DefinitionThis section has been translated automatically.
Chaperones are proteins that "help" newly synthesized proteins to fold correctly. The term "chaperones" was chosen "because they protect immature proteins from harmful configurations". Chaperones represent an extremely heterogeneous (unrelated to each other) functionally related protein complex, which is only characterised by their functional commonality, i.e. protein folding (Brandvold KR et al. 2015). Their members were formed at very different times in evolution.
Newly synthesized proteins organize themselves in their specific, native, functional conformation. This is basically the primary structure, the sequence of amino acids. Smaller proteins can spontaneously fold in the right way (a classic example of spontaneous folding is ribonuclease). Larger, complex, unfolded proteins require "aids" for correct folding.
Unfolded proteins have highly reactive hydrophobic side chains. These can combine with other hydrophobic molecules or other protein chains to form completely disordered protein aggregates. Such protein aggregates lose their biological function and represent useless or cell-damaging protein waste. To avoid this process, which is unphysiological for the cell, the cell uses a complex, highly conserved protein machinery, the chaperones ("molecular Red Cross").
Chaperones prevent the aggregation of incompletely folded protein chains by shielding the exposed hydrophobic amino acid segments. After successful, chaperone-assisted folding, these hydrophobic segments are hidden inside the protein. Chaperones are then only active until the folded, native state of the protein is reached. In this way, chaperones can differentiate precisely between unfolded and folded proteins. Chaperones act as a catalyst, assisting in the correct folding of the proteins without becoming part of the structure themselves.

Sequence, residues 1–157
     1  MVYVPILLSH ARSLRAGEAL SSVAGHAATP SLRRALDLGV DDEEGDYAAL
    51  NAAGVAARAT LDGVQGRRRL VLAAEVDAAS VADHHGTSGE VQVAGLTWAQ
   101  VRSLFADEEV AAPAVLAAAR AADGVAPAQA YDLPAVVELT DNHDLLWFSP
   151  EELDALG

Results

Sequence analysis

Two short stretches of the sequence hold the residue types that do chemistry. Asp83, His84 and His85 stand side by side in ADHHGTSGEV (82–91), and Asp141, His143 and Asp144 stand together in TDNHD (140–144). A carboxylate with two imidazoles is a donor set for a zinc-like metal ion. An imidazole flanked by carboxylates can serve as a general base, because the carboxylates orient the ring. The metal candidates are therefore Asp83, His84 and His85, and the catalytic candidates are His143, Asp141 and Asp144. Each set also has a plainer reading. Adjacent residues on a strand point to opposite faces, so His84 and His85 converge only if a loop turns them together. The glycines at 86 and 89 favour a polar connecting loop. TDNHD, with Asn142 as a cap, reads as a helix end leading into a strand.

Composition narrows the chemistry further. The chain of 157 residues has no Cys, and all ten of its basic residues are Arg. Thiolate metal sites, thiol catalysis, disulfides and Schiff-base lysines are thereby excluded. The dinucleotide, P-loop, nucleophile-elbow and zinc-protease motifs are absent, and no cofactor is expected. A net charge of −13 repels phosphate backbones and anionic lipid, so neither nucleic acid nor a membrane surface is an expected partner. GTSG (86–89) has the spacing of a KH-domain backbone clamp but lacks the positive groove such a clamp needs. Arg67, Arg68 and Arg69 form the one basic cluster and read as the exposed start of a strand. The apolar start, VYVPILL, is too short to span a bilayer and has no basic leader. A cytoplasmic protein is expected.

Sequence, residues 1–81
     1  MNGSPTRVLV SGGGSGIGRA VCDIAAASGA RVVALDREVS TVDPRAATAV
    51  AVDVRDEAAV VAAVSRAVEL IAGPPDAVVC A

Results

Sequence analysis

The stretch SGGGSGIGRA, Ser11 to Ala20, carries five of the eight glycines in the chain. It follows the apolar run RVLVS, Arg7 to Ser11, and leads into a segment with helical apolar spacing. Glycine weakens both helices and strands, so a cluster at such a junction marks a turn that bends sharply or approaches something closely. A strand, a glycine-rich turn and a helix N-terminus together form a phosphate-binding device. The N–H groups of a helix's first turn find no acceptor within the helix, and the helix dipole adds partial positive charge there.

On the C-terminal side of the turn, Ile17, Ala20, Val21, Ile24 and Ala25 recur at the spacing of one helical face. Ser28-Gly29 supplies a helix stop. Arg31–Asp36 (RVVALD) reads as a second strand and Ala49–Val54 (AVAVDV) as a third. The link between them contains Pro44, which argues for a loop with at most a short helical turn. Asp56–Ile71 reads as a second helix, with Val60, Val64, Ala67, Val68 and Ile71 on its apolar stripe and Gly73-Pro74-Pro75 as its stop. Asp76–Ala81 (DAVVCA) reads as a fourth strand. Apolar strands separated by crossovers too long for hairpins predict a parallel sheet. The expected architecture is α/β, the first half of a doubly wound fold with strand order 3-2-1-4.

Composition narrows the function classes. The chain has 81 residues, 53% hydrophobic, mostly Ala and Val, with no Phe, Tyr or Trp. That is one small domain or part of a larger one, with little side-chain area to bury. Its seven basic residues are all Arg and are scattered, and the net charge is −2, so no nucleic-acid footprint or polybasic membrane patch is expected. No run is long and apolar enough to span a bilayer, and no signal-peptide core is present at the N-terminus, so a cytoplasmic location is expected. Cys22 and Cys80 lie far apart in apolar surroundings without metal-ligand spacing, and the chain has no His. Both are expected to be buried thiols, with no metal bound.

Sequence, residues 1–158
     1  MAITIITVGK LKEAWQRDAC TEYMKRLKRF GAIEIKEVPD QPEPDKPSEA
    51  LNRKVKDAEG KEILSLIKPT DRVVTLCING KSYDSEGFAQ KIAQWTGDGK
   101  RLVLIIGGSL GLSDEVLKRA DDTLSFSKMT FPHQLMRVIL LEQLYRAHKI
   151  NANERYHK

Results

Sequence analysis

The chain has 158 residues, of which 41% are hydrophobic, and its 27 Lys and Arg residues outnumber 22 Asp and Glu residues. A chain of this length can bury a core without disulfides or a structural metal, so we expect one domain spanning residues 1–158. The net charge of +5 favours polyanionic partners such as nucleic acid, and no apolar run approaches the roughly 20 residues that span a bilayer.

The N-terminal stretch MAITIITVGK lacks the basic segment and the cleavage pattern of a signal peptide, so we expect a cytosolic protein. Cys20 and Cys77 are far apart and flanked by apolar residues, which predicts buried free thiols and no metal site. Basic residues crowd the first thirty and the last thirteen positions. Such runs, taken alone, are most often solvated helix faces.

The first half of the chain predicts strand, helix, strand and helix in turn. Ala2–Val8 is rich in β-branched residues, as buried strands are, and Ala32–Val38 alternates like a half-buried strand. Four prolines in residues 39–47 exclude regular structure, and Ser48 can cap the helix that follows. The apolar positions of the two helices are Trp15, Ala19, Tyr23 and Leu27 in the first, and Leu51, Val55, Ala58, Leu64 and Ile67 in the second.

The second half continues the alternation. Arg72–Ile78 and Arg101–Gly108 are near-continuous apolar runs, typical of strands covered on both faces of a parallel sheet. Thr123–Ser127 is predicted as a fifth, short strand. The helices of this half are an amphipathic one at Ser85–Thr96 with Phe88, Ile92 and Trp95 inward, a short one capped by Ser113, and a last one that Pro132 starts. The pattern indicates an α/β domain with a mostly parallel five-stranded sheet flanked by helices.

Some chaperones exhibit an increased synthesis rate at unphysiologically high temperatures. They therefore belong to the classical heat shock proteins.
ClassificationThis section has been translated automatically.
Chaperonins are a subgroup of the molecular chaperones. In eukaryotes, these are located exclusively in the mitochondria. Mutations in the HSPD1 gene coding for chaperonins are responsible for hereditary forms of spastic spinal paralysis and leukodystrophy.
Chaperonins form large, cylindrical complexes about 14 nm wide and 15-16 nm high (structure comparable to a donate). In their cavities they assist the folding of proteins. Chaperonins are constitutively expressed, for example in stress situations of the cell, e.g. at elevated temperature (heat shock proteins).
Note(s)This section has been translated automatically.
Chaperones have medical relevance in diseases in which misfolded proteins and their accumulation lead to cell damage. Creutzfeldt-Jakob disease (CJD), Alzheimer's disease and various forms of cutaneous and systemic amyloidosis are important examples of "protein misfolding".
LiteratureThis section has been translated automatically.
- Alberts B et al. (2004) Molecular biology of the cell. Weinheim: Wiley-VCH.
- Brandvold KR et al.(2015) The Chemical Biology of Molecular Chaperones--Implications for Modulation of Proteostasis. J Mol Biol 427:2931-2347.
- Huth E (2005) Cellular uptake and intracellular fate of particulate drug delivery systems. Inaugural dissertation for the degree of doctor of the faculty of chemistry, pharmacy and geosciences of the Albert-Ludwigs-University Freiburg.
- Kim YE et al.(2013) Molecular chaperonefunctions in protein folding and proteostasis. Annu Rev Biochem 82:323-355.
- Smith HL et al (2015) Molecular chaperones and neuronal proteostasis. Semin Cell Dev Biol 40:142-152.
- Sumera A et al (2015) Review: beta-thalassemia and molecular chaperones. Blood Cells Mol Dis 54:348-352.
- Taldone T et al. (2014) Protein chaperones: a composition of matter review (2008 - 2013). Expert Opin Ther Pat 24:501-518.
- S.a. Video of the Max Planck Institute